1. Child care duties: “No man will ever say, “Sorry, can’t do your show tonight, I’m taking care of my kids.”
  2. Concerns about appearance: “No man will say, “Sorry, can’t do your show tonight, my roots are showing.”
  3. Perceived lack of expertise: “No man will say, “Sorry can’t do your show tonight, I’m not an expert in that particular aspect of the story.”

I’ve felt the pressures of each of those at various times but to paint the challenges as some sort of gender essentialism is … well, plainly put, it’s bullshit.

(Note that he also says that it’s been particularly challenging in the last couple of weeks.  Hello, March Break.)

Now, I’ve not been asked to appear on the program but I can think of many reasons why I do take a pass on personal media opportunities, and they’re not as simple as that 1-2-3.

As I said on Twitter:

I write op-eds for other people all the time and the starting point is always the same … namely, I know very little. Research it, write it, edit it, submit. If I can do this for others, why not for myself?

I have no formal authority (job title, graduate degree, etc.).

I occasionally have work conflicts that preclude free expression.

I work hard to see different perspectives, which makes arguing one’s own opinion more challenging.

I don’t have a lot of free time.

Like most people, I’m not a fan of rejection.

I’m more aware than most that published thoughts live forever.

Other reasons, too.

But, you know, the show’s producers aren’t therapists and I’m not an asshole.  I wouldn’t waste their time explaining why I feel insecure about my level of experience and expertise, because time is short and they need to get off the phone with me and onto the next prospect.  Frustrated producers might take my polite “Have to watch the kids” as an excuse, but it’s not an excuse if it feels, for me, to be true.

I’ve passed on going out to some networking events I probably should have attended, because I had nothing to wear.  I mean, I live in jeans and seven-year-old yoga pants, no joke.  I’m lucky in that I’ve got a few great contracts right now and can finally afford to buy new clothes.  But I hate shopping.  And I have a great partner who will happily watch the kids while I go shopping, but that’s not how I want to spent my childless time.

Do you see what I’m getting at, here?

Sometimes we legitimately have to watch the kids.  And sometimes that’s shorthand for, “I don’t feel pretty,” and “I don’t feel smart,” and “I don’t trust you,” and “I don’t want to disappoint everyone.”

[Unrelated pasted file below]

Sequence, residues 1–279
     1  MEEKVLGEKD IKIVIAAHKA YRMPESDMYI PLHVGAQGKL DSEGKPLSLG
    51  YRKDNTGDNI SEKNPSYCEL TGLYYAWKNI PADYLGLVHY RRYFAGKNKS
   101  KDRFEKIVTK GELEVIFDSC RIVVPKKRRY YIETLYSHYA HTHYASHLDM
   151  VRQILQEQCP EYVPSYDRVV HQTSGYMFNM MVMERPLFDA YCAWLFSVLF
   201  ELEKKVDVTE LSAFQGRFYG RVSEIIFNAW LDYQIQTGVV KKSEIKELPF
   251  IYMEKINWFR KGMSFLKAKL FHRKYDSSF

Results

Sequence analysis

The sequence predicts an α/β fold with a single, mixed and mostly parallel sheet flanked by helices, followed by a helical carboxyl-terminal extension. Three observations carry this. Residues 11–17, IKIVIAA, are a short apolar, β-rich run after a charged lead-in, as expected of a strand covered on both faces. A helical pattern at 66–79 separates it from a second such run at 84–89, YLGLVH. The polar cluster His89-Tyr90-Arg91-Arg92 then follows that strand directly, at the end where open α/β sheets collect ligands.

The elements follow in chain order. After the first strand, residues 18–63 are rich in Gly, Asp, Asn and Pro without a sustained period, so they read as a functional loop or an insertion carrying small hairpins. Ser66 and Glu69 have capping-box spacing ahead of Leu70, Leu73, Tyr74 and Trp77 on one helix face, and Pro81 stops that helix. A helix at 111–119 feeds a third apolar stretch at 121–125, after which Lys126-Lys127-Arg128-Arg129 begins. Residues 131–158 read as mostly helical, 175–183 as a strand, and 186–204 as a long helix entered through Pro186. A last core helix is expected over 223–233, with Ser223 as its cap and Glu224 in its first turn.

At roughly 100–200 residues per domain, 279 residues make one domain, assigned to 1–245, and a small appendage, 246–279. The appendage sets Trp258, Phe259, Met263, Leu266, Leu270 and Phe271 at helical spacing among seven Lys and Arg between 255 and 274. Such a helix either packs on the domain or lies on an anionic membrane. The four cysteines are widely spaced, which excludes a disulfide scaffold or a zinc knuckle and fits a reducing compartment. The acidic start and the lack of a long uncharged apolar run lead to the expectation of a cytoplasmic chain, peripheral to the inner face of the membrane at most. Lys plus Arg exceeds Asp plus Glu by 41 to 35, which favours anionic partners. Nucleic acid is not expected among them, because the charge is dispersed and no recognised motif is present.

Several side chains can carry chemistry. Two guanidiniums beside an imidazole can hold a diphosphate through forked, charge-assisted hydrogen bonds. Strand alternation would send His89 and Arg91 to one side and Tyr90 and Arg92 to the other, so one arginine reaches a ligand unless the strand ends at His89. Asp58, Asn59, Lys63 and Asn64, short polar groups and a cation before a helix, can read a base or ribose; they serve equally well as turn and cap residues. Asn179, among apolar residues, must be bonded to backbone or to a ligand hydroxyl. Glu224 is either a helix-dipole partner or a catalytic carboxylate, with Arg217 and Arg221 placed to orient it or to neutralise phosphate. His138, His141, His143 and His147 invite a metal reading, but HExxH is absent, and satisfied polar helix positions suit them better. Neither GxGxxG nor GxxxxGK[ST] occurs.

So it’s not that easy.  If you come at an issue as challenging as the representation of women in media with the impression that there’s an easy answer and you’re just missing something … well … you’re half right.

Why I no longer read viral content

There’s a handy little app for Facebook that fixety-fixes things so that you can filter out annoying content:

… that kind of thing.  It’s called Social Fixer and I endorse it heavily and heartily.

The problem, of course, is that Social Fixer is only responsive technology, that is, it can only filter out content you’ve already identified as objectionable.  You have to object to annoying posts first.

Lately, I’ve noticed most of my knee-jerk “fixing” has to do with parenting posts (or articles or videos) that have gone viral.  I just have so little patience for it.  My friends share, share, share and I reflexively hide, hide, hide.

Why the aversion?  If I’m going to be honest, it’s partly envy that someone else’s work has gone viral and mine hasn’t — but that only accounts for, say, 3-5% of my irritation.  It’s mostly boredom.  I mean, how many different ways are there to say, “This is hard; you’re doing alright?”  I checked: there are seven.  I’ve read those seven ways, and they were pretty good but I swear — everything from eight through infinity sounds exactly the same:

every_mommy_blogger_post_ever_written

There is some good in posts that go viral.  They wouldn’t go viral if there wasn’t.  But the difference between finding astonishingly good writing or a perfectly phrased insight all your own can’t be underestimated.

It’s the difference between the pie that you bake from apples you picked … and this.  It’s the difference between the way you always pictured a character from a beloved children’s book, and the actor some casting agent picked for the part (I mean, Michael Landon was a fine actor, but is there a person alive who didn’t think Victor French would have made a better Pa Ingalls?).  It’s the difference between burying your nose in a guide book and setting off on your own adventure.

Go forth.

If you think I’m talking about you here, yeah, you’re probably right.

If you think I’m talking about you here, yeah, you’re probably right.